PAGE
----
And a reliable roster of character actors: David Pitchford strong as the frustrated fruitcake of a composer, Barry Howlett as his petulant brother the painter, James Biddles as the clueless detective, Janet Oliver as his long-suffering wife. And a perfect characterization of a stroppy teenager from Candy Lillywhite-Taylor: her conversation with her mother – in another Ayckbourn register altogether – was one of the better moments. Vikki Luck was the down-to-earth outsider, the object of the family's murderous intentions.
We heard the prompter too often; slow cues hampered the pace. And, since music was such an integral part of the piece, it might have been nice to have some to cover the long, dark scene changes.

But it was good to see New Venture tackle a [deservedly?] forgotten Ayckbourn, which has defeated even the best professionals on Scarborough's home turf...

Thursday, March 26, 2015



LADS at The Tractor Shed


As LADS opened their Ealing comedy, there were Ladykillers on the box, too. Turned out to be female pest control experts …
As fans of the 50s film will know, the vermin here are a pseudo string quartet who plan a heist from a room rented to them by an innocent little old lady.
LADS' production, produced and directed by Carole Hart, boasts a splendid set, with chez Wilberforce spaciously suggested, and a spare room – a little cramped, even for chamber music – which revolves impressively to reveal the roof outside the window.
This ingenious version by Graham Linehan [a recent success in the West End] is packed with gags, often physical, and a colourful cast of characters.  There's steam from the passing trains, a lethally long scarf, the criminals tumbling from the cupboard.
The brains behind the gang, “Professor” Marcus – the Alec Guinness role – is played with fine comic style by Daniel Tonbridge. His motley crew are Robin Warnes as geriatric cross-dresser and con-man Major Courtney, Keith Spencer unfailingly amusing as the slow-witted ex-boxer Mr Lawson - his demise particularly impressive, Alan Elkins as the vicious Louie, and Adam Hart excellent as the pill-popping teddy-boy.
Mrs Wilberforce, landlady to the mob and police time-waster, is played by Joan Cooper, convincingly clueless, in a wig that is terrible even by am-dram standards.
The fun could have been a little faster, with a touch more confidence in some performances, but nonetheless a laudable attempt at a challenging theatrical style. It's all “rather fantastical” [as David Hudson's weary copper has it] but most enjoyable – an affectionate tribute to a much-loved movie.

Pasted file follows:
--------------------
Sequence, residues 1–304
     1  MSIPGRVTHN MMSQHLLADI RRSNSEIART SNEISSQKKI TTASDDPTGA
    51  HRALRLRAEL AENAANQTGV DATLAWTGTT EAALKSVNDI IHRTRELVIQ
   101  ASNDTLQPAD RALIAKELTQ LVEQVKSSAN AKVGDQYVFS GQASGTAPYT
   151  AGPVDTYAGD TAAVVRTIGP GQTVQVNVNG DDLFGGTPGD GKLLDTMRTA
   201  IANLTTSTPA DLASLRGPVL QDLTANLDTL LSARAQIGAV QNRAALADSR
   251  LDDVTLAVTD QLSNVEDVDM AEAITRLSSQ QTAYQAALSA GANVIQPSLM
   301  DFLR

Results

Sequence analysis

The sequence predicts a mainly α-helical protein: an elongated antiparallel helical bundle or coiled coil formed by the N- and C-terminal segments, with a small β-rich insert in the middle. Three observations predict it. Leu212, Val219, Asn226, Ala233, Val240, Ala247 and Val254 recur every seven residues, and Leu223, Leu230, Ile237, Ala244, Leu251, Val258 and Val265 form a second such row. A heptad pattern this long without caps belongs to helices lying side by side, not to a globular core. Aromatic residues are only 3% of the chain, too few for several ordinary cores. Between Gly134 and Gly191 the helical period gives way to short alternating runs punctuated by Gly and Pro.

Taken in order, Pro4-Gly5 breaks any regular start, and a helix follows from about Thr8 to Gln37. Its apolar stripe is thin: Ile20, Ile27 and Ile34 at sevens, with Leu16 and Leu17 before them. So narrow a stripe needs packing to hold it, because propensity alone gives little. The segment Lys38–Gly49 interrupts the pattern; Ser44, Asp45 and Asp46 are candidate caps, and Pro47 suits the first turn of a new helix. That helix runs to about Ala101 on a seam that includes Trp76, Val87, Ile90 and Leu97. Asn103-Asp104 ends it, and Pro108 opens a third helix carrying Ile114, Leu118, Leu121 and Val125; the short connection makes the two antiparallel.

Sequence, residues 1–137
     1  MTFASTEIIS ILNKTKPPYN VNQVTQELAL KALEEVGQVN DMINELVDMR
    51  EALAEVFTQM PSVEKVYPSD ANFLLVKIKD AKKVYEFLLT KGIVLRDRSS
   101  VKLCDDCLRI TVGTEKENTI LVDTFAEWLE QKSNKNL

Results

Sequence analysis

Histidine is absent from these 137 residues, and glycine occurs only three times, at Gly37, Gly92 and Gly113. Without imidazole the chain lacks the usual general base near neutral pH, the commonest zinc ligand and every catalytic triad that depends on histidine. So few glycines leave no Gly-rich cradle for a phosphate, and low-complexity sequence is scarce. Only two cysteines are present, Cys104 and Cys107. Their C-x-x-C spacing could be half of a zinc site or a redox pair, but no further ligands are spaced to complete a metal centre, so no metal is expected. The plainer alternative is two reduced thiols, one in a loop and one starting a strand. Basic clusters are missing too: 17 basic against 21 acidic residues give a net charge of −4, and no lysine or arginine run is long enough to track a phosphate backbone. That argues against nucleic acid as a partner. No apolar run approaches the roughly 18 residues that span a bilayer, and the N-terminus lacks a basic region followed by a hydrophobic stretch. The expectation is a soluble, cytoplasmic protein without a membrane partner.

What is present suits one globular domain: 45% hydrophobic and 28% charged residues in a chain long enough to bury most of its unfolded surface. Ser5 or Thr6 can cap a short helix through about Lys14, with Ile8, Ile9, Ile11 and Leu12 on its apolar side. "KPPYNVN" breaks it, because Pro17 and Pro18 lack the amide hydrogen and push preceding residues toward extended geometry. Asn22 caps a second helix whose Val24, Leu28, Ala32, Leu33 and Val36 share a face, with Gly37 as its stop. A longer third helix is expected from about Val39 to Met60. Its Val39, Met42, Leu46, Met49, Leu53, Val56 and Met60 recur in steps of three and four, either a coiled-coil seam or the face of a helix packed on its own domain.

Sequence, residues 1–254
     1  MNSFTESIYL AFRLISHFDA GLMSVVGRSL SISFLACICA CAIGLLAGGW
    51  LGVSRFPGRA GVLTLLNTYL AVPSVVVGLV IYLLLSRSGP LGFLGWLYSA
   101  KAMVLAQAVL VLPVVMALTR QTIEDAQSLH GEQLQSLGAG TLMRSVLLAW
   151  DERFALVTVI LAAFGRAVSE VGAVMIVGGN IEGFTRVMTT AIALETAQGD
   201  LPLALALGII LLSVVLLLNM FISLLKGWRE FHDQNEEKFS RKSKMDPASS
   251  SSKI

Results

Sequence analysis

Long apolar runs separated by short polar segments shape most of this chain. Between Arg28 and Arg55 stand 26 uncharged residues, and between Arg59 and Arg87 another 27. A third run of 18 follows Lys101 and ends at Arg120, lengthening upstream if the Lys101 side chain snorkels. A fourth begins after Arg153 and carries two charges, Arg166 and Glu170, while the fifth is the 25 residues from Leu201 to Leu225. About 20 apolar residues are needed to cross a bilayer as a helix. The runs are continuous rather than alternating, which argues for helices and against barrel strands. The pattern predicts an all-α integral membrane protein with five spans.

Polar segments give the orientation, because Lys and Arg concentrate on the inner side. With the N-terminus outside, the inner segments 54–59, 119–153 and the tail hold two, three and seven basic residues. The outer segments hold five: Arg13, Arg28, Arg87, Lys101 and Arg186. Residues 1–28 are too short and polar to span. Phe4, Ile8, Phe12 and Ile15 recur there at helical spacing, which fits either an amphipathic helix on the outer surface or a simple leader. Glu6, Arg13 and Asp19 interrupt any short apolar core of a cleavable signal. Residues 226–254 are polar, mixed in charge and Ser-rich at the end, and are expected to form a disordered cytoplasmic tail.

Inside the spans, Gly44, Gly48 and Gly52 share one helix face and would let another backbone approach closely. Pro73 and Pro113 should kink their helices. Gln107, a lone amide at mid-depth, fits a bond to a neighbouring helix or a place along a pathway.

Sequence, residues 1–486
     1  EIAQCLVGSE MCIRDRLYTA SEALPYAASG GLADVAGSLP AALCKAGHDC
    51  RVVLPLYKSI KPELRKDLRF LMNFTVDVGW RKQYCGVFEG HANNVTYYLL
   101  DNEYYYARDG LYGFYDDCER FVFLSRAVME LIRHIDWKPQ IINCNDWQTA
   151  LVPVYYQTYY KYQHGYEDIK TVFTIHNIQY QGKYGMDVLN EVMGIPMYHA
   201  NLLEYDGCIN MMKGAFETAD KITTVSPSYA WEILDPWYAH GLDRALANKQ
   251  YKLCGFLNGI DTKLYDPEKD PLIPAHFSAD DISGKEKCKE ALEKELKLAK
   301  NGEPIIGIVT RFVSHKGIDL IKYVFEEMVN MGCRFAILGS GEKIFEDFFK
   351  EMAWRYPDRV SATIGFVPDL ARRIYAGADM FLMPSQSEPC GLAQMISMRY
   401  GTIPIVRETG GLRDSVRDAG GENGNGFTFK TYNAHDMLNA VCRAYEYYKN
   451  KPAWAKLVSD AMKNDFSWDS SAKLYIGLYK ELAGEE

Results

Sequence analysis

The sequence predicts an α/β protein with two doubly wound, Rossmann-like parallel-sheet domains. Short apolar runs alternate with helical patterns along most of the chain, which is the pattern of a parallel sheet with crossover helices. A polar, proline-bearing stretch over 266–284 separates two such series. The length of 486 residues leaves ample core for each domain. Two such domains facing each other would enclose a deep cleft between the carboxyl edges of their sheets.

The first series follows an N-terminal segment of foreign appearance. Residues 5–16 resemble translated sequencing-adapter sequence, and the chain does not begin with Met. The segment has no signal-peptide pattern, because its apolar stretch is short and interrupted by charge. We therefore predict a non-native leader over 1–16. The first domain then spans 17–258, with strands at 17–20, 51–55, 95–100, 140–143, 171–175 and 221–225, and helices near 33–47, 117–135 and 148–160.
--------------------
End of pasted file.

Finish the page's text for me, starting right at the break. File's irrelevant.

Wednesday, March 25, 2015


National Theatre at the Dorfman


A family gathers in the parental home for Christmas, bearing gifts and grudges, mince pies variously filo-based and gluten-free. Plus a new card game: Bedlam! For age 6 and upwards – “starts out simple but rapidly descends into chaos”.
Yes, this is right up Ayckbourn Avenue – intended neither as criticism nor as congratulation. Yet Sam Holcroft's piece is edgier, with some bolder strokes.
The McGuffin here – so beloved of the Scarborough Master – is that the entire action is ludic. The floor of the Dorfman is marked out as for a board game, or basketball, and at either end, scoreboards await.
Matt [Miles Jupp] arrives, with his up-for-it actress girlfriend [Maggie Service]. His brother [Stephen Mangan] is already here, with his wife Sheena [Claudie Blakley] and their teenage daughter. It is apparent that Matt is more at ease with Sheena, Adam more suited to Carrie. And at this point the domestic comedy is enlivened by the first of the rules: MATT:MUST:SIT TO TELL A LIE. The rules proliferate, with added riders, then game-show-style scores, until the boards are flashing as the Christmas meal, like the game of cards, achieves a sublime, and ridiculous, anarchy.
It would be unkind to include too many spoilers here, but the mood turns much darker after the sit-com introduction, largely due to the characters, at first unseen, of the paterfamilias, on parole from hospital for the day, and Emma the chronically fatigued daughter.